Safeguard your garden from the cold weather's most destructive elements with Martha's tips.
Photography: Maria Robledo1 of 8
When I first moved to Cantitoe Farm in Bedford, New York, I decided to plant many trees, shrubs, and perennial plants to create a beautiful, lasting landscape. Such planting, whether in a small yard or in a larger environment, represents a serious investment for the homeowner, and several things can be done to offer winter protection -- from snow, ice, freezing, thawing, desiccating high winds, and harsh sunlight. Hopefully, these steps will establish longevity and good health for the plants.
As the weather in Bedford gets colder after Halloween, we begin building the bamboo tepees that will soon support protective burlap around the boxwoods. These structures prevent the branches from splitting under heavy snow and ice.
Photography: Maria Robledo2 of 8
Stone urns and cast-cement planters are wrapped in plastic to protect them from moisture (and, thus, destructive freezing and thawing), and then in burlap for aesthetics. Francesca and Sharkey are happy to help with the preparation.
Photography: Maria Robledo3 of 8
1. Once the burlap is stretched and sewn tightly over these boxwoods surrounding my peony garden, the bottom edge is secured like a camping tent.
Photography: Maria Robledo4 of 8
2. We pound two wooden shims into the ground and screw them together through the material for added stability.
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3. The burlap is hand-stitched with a carpet needle.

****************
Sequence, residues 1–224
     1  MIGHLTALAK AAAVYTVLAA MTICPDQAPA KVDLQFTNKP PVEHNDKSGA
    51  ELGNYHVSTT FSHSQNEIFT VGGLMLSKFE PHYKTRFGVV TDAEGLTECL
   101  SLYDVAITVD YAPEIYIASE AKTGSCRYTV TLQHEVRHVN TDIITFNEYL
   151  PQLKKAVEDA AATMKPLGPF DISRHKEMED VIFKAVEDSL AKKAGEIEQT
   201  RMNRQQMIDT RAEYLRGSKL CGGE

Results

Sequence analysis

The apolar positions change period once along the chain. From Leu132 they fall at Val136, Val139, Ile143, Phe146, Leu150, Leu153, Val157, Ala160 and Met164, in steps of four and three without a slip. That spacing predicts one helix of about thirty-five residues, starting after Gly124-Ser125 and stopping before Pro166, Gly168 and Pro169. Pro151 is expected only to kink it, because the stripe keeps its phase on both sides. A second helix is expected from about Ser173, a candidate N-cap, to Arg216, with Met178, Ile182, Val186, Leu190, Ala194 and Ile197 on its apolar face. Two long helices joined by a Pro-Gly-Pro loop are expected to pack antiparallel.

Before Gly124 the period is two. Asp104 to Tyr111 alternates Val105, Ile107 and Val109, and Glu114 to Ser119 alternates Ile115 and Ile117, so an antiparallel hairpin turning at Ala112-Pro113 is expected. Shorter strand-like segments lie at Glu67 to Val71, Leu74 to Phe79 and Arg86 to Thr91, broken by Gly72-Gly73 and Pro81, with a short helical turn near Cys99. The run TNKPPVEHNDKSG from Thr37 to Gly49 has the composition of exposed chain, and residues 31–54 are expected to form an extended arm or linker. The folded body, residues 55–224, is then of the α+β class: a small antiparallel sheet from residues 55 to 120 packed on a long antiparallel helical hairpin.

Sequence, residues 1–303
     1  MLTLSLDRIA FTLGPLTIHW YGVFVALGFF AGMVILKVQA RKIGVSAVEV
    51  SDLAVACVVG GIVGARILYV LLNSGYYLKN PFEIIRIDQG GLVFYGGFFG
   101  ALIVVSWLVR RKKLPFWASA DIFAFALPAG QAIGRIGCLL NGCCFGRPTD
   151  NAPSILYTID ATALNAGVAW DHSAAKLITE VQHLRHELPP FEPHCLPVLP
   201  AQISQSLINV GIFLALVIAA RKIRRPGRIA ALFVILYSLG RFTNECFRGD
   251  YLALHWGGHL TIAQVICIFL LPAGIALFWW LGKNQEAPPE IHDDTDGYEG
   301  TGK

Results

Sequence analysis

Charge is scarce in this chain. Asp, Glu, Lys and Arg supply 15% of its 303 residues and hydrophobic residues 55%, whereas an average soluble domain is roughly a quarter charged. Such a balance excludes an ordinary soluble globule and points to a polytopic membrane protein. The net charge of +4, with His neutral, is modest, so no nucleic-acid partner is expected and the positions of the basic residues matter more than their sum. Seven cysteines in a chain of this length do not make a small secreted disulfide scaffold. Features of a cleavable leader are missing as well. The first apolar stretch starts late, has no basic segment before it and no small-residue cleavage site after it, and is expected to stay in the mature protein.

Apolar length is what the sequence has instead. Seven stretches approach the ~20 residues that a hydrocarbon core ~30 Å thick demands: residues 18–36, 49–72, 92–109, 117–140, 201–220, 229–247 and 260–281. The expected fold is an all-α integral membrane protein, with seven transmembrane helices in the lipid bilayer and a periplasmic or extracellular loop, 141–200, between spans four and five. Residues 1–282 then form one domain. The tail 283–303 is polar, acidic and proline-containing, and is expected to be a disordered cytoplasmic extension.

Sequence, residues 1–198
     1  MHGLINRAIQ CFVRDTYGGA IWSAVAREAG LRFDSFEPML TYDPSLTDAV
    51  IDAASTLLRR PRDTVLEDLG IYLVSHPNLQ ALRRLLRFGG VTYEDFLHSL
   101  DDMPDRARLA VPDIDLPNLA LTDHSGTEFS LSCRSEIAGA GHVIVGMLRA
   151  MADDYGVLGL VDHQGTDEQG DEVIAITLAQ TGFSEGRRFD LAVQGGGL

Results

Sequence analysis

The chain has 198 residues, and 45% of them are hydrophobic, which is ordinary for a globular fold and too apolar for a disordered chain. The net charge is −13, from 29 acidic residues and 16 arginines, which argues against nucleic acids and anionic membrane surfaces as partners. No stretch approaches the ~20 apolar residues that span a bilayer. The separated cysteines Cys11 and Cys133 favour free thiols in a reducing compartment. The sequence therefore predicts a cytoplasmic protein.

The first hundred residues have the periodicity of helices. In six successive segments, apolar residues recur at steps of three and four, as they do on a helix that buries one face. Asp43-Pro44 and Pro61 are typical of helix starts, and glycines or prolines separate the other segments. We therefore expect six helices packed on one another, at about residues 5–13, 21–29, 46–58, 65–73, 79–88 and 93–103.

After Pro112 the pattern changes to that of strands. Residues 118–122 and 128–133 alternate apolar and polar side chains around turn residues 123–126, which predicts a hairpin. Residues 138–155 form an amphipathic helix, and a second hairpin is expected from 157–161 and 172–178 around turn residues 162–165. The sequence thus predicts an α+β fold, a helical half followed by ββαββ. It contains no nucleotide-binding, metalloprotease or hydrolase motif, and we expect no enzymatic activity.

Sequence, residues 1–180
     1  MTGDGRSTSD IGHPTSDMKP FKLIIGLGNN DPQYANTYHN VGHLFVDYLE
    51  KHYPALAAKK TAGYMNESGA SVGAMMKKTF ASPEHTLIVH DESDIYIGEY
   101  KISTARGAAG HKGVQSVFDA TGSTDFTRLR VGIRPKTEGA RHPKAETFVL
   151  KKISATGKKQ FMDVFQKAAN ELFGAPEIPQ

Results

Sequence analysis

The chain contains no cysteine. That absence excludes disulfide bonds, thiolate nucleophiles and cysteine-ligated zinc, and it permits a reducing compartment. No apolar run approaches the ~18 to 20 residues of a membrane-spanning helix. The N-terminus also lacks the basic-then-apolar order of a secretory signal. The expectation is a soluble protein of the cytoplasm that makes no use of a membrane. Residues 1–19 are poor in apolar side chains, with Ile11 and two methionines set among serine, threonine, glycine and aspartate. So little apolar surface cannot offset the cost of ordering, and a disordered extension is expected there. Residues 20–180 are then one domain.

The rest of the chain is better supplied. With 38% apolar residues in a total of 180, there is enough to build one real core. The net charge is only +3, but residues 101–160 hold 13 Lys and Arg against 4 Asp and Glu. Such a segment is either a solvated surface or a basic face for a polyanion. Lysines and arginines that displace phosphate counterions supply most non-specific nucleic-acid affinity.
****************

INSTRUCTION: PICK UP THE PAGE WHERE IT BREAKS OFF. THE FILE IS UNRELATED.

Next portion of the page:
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4. After each storm, we gently knock off any snow on top of the tents with brooms.
Photography: Maria Robledo7 of 8
Even when dormant, my Chinese tree peonies would suffer if exposed to winter winds. We build an enclosure using stakes sunk about 1 foot into the ground. Flat pieces of wood are screwed to the opposite side to keep the fabric taut.
Photography: Maria Robledo8 of 8
We've developed quite a system to efficiently construct the enclosures and barriers around the farm. These tips can be applied to even the smallest backyard garden.
Gather the right tools. We use bamboo poles and wooden stakes, burlap, jute twine, a carpet needle, rubber mallets (for sinking stakes), wood screws, and an electric drill.
Do one task at a time. The work will go more quickly if you install the entire system of bamboo or wooden stakes first. Then go back to attach the burlap as a second step.
Reuse and recycle. We save our burlap, plastic, and supports to use from year to year, replacing any worn-out supplies.
Watch the weather. Be sure to unwrap everything before the temperature climbs too high in spring, or the plants may be harmed by the excess heat that builds up inside the tents.
Be selective. Smaller terra-cotta or ceramic pots can easily be protected indoors. Reserve the wrapping job for large or heavy items that would be difficult to move or store.